This sale was Lawford’s to lose. Lawford Electric Company’s ongoing, 8-year relationship with Bayfield Milling Company, coupled with the geographic proximity of the two businesses, gave them a competitive advantage upon which they were unable to capitalize. The price tag of the drive system for which Lawford prepared a competitive bid represented more than 17 years of Bayfield’s average annual purchases from Lawford.¹ Sales engineer Robert Allen’s approach was simplistic and his notes suggest an assumption that the $871,000 sale would be a slam dunk, largely due to the factors mentioned in the opening paragraph. Each of the three sentences which comprise Allen’s strategy reveals a flawed perception of his role. His strategy was centered only on key decision makers and his priorities were 1) emphasizing benefits and 2) “influencing the final specs” (pg. 3), rather than utilizing an inquisitive, collaborative approach to gain a genuine understanding of customer needs.
Allen bombarded his contacts at Bayfield with specs, benefits, and pamphlets and regarded as trivial several potentially significant interactions. He made unfounded assumptions and, as a result of his focus on influencing the process, missed opportunities to explore and adequately address customer concerns.² In addition, the number and frequency of calls and visits made by Allen to Bayfield seem relatively low considering the size of the contract. Lawford Electric did not win this contract because they lacked sufficient information to provide an ideal solution.
Lawford Electric must ensure that its sales force has the training and support necessary to close sales using an approach whereby customer needs are fully explored.
Adoption of this strategy is to maintain the status quo at Lawford Electric.
Elevate, Collaborate, and Evaluate
Adoption of this strategy would see Lawford Electric “sharpen the saw”, i.e. provide training which would elevate the sales skills of its managers and sales force. Management and sales personnel would periodically analyze journal entries and perform collaborative, qualitative assessment of salespersons’ strategies, tactics, and results.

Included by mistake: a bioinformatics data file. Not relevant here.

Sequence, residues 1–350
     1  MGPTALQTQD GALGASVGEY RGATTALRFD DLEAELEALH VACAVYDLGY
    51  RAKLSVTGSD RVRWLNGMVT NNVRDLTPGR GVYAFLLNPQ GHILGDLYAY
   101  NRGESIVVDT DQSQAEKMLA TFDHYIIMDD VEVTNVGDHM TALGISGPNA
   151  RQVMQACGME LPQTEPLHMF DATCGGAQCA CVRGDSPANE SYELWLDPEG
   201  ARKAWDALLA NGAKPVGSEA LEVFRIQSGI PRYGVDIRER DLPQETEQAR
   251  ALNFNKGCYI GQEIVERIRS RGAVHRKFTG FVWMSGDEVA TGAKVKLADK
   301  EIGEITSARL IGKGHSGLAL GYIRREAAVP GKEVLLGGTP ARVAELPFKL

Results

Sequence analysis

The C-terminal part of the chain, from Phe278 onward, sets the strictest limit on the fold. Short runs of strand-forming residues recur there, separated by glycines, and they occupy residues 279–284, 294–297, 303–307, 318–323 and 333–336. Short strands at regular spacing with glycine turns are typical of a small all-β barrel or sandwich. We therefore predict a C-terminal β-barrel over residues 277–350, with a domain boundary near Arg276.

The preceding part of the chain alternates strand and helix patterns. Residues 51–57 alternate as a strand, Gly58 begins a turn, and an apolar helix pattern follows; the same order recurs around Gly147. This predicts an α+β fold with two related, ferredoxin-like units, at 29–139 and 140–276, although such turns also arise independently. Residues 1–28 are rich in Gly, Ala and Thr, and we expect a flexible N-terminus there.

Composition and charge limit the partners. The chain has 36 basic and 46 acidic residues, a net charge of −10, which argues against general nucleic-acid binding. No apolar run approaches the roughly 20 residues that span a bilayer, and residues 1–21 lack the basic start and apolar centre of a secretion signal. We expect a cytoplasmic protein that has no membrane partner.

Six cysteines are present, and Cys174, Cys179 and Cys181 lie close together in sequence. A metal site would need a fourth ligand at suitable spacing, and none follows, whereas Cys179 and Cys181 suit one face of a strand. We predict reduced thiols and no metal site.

Adoption of this strategy would have Lawford Electric relieve Robert Allen and/or Fred Webster of their employment for letting this sale slip through their fingers. Choice
Elevate, Collaborate, and Evaluate
This is the best option because it is most likely to improve Lawford’s sales process, improve customer relationships, and increase sales. Benefits of this approach include the sharing of knowledge gained from collaborative analysis and the lessening of likelihood that costly missteps will be repeated.
1. Research and schedule sales training for staff.
Estimated Time of Completion (ETC) 2 weeks
2. Schedule monthly meetings with each salesperson to discuss activity, providing for higher frequency of meetings for high-ticket bids or otherwise abnormal situations. ETC 2 days
3. A. Select sample of past cases from sales team.
ETC After sales training
B. Dissect and analyze 1 sample case
ETC 1 week
C. Disseminate findings to all employees of Lawford Electric. ETC 3 days
D. Repeat with another case
Lawford Electric’s customer relationships and long-term revenue had likely been suffering as a direct result of the approach used in this case. Going forward, a focus on understanding customer needs will be integral to their success.
1. Bayfield’s “annual purchases from Lawford occasionally totaled as much as $50,000”. Proposed price of system: $871,000. 871,000/50,000 = 17.42
2. Examples include:
1.13.78 – Allen assumed that Gibson’s “pretty hard-nosed” comment pertained to cost. It is noted on 11.13.78 that Lorenz, “it turned out, was a stickler for attention to small details.”
3.14.78 –Upon learning of the Bayfield engineers’ downtime, Allen may have used this as a chance to gain access to them. The original reason given for their unavailability, on 1.13.78, was that they were busy working on problems with the new line.
5.30.78 – “Good-naturedly” dismissed an issue brought to his attention by the foreman regarding instability of a Lawford regulator. This represents a lost opportunity to create goodwill by discussing and working to address the issue.
7.17.78 – The last two sentences of this entry are potentially dangerous. Here, Allen made . 9.20.78 – He notes that Lorenz “asked very few additional questions” and “seemed sold on the Lawford benefits.” A lack of questions often indicates a lack of interest. The lack of questions is especially curious in this case, where the myriad technical details would seem to generate several questions and/or topics of discussion. 11.13.78 – Allen finds out that Lorenz is “a stickler for attention to small details,” which contradicts his earlier assumption that cost was paramount.
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